Peggy is a biophysical mooring nicknamed after Peggy Dyson being deployed in the Bering Sea. The biophysical mooring site 2 (M2) is one of the longest running time series of its kind providing near-continuous measurements since 1995 in the southeastern Bering Sea.
The Pivotal Recovery Story Map (ESRI) recounts the events in 2021 of how NOAA scientists raced against nature to save their most valuable scientific instruments in the Bering Sea. This interactive online map highlights the recovery efforts, the unique data collected and the implications it has for management. Wave Direction
In the fall of 2021, a combination of sea ice, hurricane-force winds, and a pandemic set the stage for what would become a momentous recovery effort for scientific moorings in the southeastern Bering Sea. These scientific moorings provide an overview of changing ocean conditions as part of a 30 year time series. Scientists deploy these moorings on an annual basis to ensure continuous measurements during ice and ice-free seasons.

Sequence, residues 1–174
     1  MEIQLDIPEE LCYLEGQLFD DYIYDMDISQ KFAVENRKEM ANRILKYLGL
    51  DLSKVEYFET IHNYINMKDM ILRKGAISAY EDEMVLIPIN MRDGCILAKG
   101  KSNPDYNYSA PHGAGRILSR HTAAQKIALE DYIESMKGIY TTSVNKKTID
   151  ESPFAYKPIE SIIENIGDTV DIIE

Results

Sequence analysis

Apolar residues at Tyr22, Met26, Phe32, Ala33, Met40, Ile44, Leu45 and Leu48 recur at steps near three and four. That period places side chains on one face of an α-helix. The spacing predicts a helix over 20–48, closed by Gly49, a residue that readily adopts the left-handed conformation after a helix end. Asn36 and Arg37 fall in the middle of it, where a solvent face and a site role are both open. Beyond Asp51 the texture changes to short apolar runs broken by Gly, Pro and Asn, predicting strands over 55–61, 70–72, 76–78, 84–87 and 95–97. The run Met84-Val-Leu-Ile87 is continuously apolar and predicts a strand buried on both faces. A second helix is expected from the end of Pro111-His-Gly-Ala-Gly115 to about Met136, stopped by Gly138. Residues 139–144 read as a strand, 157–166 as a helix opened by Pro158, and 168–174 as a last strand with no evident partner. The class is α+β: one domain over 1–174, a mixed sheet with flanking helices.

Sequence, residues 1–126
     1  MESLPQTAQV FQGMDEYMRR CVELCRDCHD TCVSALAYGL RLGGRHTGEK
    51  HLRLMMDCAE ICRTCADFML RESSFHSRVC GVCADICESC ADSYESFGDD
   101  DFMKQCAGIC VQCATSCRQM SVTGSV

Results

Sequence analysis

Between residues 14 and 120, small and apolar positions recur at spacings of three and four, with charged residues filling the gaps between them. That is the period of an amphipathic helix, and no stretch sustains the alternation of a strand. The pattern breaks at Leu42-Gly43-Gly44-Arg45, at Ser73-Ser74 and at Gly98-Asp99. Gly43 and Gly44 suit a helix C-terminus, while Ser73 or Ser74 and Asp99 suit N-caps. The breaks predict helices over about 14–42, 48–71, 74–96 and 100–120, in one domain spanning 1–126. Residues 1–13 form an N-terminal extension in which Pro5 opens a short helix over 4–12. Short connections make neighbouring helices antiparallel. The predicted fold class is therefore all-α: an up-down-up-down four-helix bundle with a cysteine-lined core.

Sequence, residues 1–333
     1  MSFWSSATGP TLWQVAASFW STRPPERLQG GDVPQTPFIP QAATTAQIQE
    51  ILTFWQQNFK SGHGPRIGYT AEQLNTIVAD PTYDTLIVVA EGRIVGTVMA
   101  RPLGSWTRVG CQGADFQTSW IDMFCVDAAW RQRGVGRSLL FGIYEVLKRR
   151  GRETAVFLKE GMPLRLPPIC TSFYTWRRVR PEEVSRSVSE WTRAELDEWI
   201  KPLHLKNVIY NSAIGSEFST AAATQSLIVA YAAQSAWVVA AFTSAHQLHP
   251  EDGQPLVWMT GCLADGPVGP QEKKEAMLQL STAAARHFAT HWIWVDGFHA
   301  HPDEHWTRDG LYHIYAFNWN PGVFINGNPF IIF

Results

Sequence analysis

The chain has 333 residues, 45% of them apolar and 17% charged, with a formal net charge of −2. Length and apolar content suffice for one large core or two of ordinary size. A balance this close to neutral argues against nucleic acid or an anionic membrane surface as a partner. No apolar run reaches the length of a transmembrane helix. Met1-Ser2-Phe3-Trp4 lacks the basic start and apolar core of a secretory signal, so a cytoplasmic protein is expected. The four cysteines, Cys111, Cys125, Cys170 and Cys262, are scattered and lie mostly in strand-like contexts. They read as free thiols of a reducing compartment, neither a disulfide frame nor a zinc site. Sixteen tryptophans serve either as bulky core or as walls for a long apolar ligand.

NOAA scientists are at the forefront of detecting regional and global climate change and its impacts on Alaska’s marine ecosystems. With a generation of ocean observing, NOAA EcoFOCI, or the Ecosystems and Fisheries Oceanography Coordinated Investigations Program, continues to study and share how oceanographic and biological changes affect marine ecosystems such as the Cold Pool and impact of sea ice loss.
This Story Map was developed by Lindsey Neuwirth, a 2022 NOAA College Supported Intern at Stony Brook University.
To view the story map, please see this version on the ESRI website"Pivotal Recovery for Science''. Note that most story maps are large, single-page multimedia presentations. When using a mobile device, we recommend viewing over WiFi.
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